The PITC Trainer Institute is a comprehensive study of the PITC philosophy and recommended practices that support high-quality infant and toddler care.
Institute participants engage in a variety of interactive learning activities organized around the following four content modules.
Module I: Social-Emotional Growth and Socialization
This module explores early social–emotional growth and socialization, the central role of family and culture in early identity development, self-reflection to examine your feelings about social–emotional development, and the importance of nurturing relationships. In these interactive sessions, you will learn about social–emotional development, temperament tendencies, socialization and guidance, ages of infancy, and the responsive process.
Module I Topics
Socialization, Guidance and Discipline with Infants and Toddlers in Group Care
This topic addresses definitions and goals of socialization, guidance, and discipline in the group care setting, as well as the influence of metatheories in our practice. Ways to guide and respond to the child’s whole development are explored, including strategies to prevent and respond to challenging behavior. Participants will consider all factors that influence behavior, including the important role of culture and family.
Understanding Children’s Behavior: Supporting the Individual Needs of Infants and Toddlers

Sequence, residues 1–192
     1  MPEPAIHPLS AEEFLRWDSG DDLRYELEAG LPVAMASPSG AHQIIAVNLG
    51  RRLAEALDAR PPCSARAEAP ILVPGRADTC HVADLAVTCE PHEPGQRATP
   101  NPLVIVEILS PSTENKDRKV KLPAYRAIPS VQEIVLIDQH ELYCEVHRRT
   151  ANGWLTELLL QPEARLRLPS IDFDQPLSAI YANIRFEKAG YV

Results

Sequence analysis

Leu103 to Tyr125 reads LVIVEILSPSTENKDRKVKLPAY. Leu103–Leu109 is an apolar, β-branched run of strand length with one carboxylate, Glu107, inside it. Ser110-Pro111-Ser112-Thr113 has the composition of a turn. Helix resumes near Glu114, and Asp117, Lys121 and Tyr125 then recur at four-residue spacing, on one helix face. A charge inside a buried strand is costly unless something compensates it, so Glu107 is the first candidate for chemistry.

This topic focuses on recognizing and understanding individual and developmental issues underlying the emotional messages and behavior of infants and toddlers in group care. Concepts and training strategies to help care teachers understand and respond appropriately to infants and toddlers are introduced. Participants practice using a tool to consider possible reasons for children’s behaviors and identify appropriate responses.
This topic explores temperament tendencies in infants and toddlers. Videos illustrate and deepen understanding of five temperament tendencies and include examples and strategies to respond to and support children with temperament tendencies in the group care setting.
Social-Emotional Development, Responsive Caregiving, and Identity
This topic examines how an understanding of three age periods of infancy (birth to around 8 months, around 8 months to around 18 months, and around 18 months to 36 months) and the corresponding developmental themes of security, exploration, and identity can help adults attune their nurturance of infants and toddlers. Different factors that influence responsive care are considered, including an understanding of child development, sensitivity to the family and culture of each child, self-reflection, observation, and careful reading of children’s cues.